A long-awaited plan to reduce air pollution at the Port of Los Angeles will land on Mayor James K. Hahn's desk after a task force completed its work Tuesday, outlining 68 pollution control measures estimated to cost more than $11 billion over the next 20 years.
But the future of the ambitious plan, which air regulators project will prevent 2,200 premature deaths from pollution-related diseases, remains uncertain.
Hahn leaves office on June 30 and Mayor-elect Antonio Villaraigosa has not said what he will do with the proposal. And port-related businesses, such as the railroads, have expressed concerns about the cost and effectiveness of the measures.
A blue ribbon panel, named by Hahn last year, finished the report after a grueling eight-hour session that featured intense debate between industry attorneys and air pollution officials.
As hopes dimmed that the group would agree on all aspects of the final report, its co-chairwoman, Harbor Commissioner Camilla Townsend, announced that she and co-chair Thomas Warren, another harbor commissioner, would forward the report to the mayor with the recommendation that it be sent to the Harbor Commission to take action. That meant the 21-member group did not take a final vote in which the five industry representatives probably would have dissented.
The plan won praise from regulators and community, environmental and union representatives.
"This is a great start for the new era of responsible growth at the port," said task force member Gail Ruderman Feuer, a senior attorney with the Natural Resources Defense Council.
Wayne Nastri, regional administrator for the U.S. Environmental Protection Agency, praised the report in a letter, saying that its control measures "provide a road map for ports throughout our nation and around the globe."
Others on the task force said they are concerned that some of the suggested ways to reduce pollution may prove too expensive or unfeasible.
"We were asked to come up with reasonable measures," said task force member Sharon Rubalcava, an attorney representing Pacific Energy. "Some of the measures are realistic measures, but others are speculative."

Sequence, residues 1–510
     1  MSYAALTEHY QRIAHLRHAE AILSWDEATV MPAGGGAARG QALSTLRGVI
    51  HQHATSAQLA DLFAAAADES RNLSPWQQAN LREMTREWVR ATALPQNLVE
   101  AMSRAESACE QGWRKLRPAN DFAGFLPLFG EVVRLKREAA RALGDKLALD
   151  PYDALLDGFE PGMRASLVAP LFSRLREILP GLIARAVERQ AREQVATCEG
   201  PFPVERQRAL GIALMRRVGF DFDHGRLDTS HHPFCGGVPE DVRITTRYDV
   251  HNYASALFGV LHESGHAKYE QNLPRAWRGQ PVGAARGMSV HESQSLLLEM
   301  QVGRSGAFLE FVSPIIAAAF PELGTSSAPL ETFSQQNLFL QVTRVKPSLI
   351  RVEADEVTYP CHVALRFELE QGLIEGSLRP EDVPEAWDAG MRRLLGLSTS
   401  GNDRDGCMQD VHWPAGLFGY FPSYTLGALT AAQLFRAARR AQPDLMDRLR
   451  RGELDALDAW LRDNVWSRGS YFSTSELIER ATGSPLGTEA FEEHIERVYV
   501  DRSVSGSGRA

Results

Representatives of the two major railroads serving the port, Union Pacific and Burlington Northern Santa Fe, were outspoken in their criticism of the proposed measures to reduce locomotive emissions. They maintained that the South Coast Air Quality Management District did not account for the fact that the same locomotives serve the Los Angeles port and the Port of Long Beach, meaning the entire fleet would need to be retrofitted or replaced, railroad attorneys said.
"We will present a document to the mayor as we agreed," said Union Pacific attorney Carol Harris. "But there needs to be a lot more review of the measures for our industry."
But Norman Tuck, who represents the International Longshore and Warehouse Union on the task force, said it is time for industries operating at the port to pay to reduce pollution significantly. "I wanted the whole industry's feet to the fire," he said.
The Los Angeles-Long Beach port complex has emerged as the region's single largest air polluter in recent years, amid the sharp increase in imports from Asia that has made it the largest seaport in the United States.
But as the ports have played an increasingly important role in the Los Angeles-area economy, the public's concerns have grown about the health effects of diesel emissions from ships, trains and trucks. Diesel fumes in high doses have been linked to lung cancer as well as cardiac problems.
Hahn pledged to rein in future increases in port emissions.
The Harbor Commission charged the port staff with creating a so-called no net increase plan to keep pollution at 2001 levels. Hahn, however, rejected the plan and appointed the task force.
With Hahn about to leave office, task force members rushed to complete the report, exchanging drafts by e-mail and conferring in lengthy conference calls.
The sharpest divisions between industry representatives and other members arose over the projected costs of the measures and how to calculate their effects on human health.
That debate mapped out an unusually stark cost-benefit scenario, balancing a price tag estimated at $11 billion to $15 billion for the antipollution controls against a projected $20-billion benefit in prolonging human life.
Regional, state and federal regulators strongly endorsed calculations prepared by the state Air Resources Board.
Tuesday's meeting was scheduled to be the last for the task force. But Councilwoman Janice Hahn, who represents the harbor area, announced that she wants the group to continue. "I would like to get you connected to the larger audience of the city of Los Angeles," she said.